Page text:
December 27, 2023 | Procurement Strategy
Despite some regional resistance, the global economic outlook does not look promising. Subdued demand for raw materials, components and commodities continues to create excess vendor capacity across global supply chains, according to the GEP Global Supply Chain Volatility Index data for November.
How can businesses survive this downturn?
Uncertain economic conditions such as these have necessitated some key changes in the ways businesses operate, with leadership focus shifting from cost monitoring to risk management, demand forecasting and sustainable value creation.
“It’s traditionally been about cost and value, but the value you get from risk management, supplier diversity and sustainability has become more and more key — especially for global companies with public commitments,” says the director of global supply management at an engineering company in this GEP and Procurement Leaders report.
As businesses look to build agility and resiliency, particularly in supply chains, there is one aspect of their operations that must be a top priority – relationships with suppliers.
In many ways, their ability to succeed in a fast-changing business landscape depends on how closely they can work with their suppliers.
Whether it’s about ensuring supply of critical components, designing new and innovative products, maintaining quality standards, monitoring emissions, lowering energy consumption or implementing sustainable practices, suppliers are involved in all strategic objectives.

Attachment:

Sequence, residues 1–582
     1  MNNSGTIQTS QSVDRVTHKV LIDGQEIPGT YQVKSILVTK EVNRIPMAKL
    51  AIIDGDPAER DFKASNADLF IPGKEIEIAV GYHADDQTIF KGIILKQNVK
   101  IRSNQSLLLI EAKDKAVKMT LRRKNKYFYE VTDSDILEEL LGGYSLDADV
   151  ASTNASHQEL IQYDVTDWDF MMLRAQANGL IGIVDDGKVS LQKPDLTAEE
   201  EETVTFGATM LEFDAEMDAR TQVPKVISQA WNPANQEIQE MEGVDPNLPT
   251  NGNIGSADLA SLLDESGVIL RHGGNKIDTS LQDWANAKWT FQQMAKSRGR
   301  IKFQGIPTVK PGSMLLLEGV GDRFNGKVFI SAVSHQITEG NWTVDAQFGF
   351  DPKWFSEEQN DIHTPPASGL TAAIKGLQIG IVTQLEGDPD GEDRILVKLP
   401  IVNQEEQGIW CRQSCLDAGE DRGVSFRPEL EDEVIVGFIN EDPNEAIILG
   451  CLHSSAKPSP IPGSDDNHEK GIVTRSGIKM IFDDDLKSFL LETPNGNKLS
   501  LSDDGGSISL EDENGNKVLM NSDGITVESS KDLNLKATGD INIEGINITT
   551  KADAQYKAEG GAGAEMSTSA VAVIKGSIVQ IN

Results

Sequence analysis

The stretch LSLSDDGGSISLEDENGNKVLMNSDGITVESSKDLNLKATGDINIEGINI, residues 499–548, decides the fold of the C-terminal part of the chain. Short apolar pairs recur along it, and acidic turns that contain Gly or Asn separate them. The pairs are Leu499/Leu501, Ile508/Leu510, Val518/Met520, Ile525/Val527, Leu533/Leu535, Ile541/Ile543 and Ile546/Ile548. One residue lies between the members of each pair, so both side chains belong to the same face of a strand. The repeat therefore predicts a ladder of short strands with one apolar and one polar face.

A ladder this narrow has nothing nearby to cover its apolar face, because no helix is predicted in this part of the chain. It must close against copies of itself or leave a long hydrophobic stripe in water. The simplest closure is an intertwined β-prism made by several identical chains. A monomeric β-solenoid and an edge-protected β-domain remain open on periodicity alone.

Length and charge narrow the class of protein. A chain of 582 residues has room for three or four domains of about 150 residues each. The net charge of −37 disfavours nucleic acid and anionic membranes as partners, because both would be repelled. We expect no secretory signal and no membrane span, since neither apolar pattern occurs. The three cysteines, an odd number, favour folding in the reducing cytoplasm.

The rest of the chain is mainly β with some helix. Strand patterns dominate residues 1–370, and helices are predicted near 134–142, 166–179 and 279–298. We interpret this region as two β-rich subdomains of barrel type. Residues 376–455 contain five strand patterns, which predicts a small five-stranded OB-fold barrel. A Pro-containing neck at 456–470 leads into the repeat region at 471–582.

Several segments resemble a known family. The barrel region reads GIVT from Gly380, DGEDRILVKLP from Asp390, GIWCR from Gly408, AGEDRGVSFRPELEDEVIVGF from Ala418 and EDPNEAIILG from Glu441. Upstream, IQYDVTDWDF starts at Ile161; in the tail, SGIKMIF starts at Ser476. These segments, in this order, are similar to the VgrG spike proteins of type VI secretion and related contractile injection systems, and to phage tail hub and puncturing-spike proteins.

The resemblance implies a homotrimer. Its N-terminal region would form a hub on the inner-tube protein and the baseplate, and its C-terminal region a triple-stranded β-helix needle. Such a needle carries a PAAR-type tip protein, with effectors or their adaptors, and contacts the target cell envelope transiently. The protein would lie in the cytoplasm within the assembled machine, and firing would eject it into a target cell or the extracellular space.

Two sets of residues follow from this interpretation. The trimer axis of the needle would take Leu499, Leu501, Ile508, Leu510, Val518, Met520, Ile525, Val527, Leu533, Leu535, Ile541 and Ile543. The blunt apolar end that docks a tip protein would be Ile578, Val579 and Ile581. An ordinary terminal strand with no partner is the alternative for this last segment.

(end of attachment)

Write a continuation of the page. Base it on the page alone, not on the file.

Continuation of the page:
The bottom line is that businesses need to strengthen their supplier relationships. This also means that procurement needs to play an increasingly crucial role in the success of the business.
To thrive in today’s fast-changing environment, procurement organizations need to identify their key suppliers and treat them as strategic business partners. Such transitioning from supplier relationship to partnership can occur in phases.
In the first phase, a business must focus on cultural alignment with suppliers. Both parties need to invest time and understand the other’s approach and ideology. The partnership must bring the two corporate cultures together and understand what each party brings to the table. The cultures of both parties must be complementary.
In the second phase, both parties must clearly understand the goals of the partnership. What are both the businesses looking to achieve and how? Do they have the technology and infrastructure in place? And have they decided the parameters to measure the performance and success of their partnership?
Businesses also need to review their criteria for supplier collaboration. According to research by Procurement Leaders, businesses need to determine the supplier’s:
Face-to-face workshops with respective leaders can be an effective way to share motivations and partnership principles. Continual self-examination and eye-level conversations can help to address difficult topics, says Joel Johnson, vice president of consulting at GEP.
In general, there is a need to have frequent interactions with suppliers – not necessarily for specific business agendas. The objective of these interactions is to build a platform to strengthen the partnership.
“When was the last time you established a forum to discuss challenges with a supplier that wasn’t a reaction to some issue or disruption? Carve out time and space for these types of conversations. Performance surveys are fine, but the true partnership approach is about perspectives from both sides, with both perspectives taken seriously,” says Johnson.
It is also important for both parties to understand each other’s capabilities. Suppliers with deep knowledge of the business organization and objectives can truly act as strategic business partners.
Finally, both parties should be flexible and have the capability to quickly adapt to changing conditions. This also requires a business to structure supplier relationships with a sufficient degree of contractual and commercial flexibility.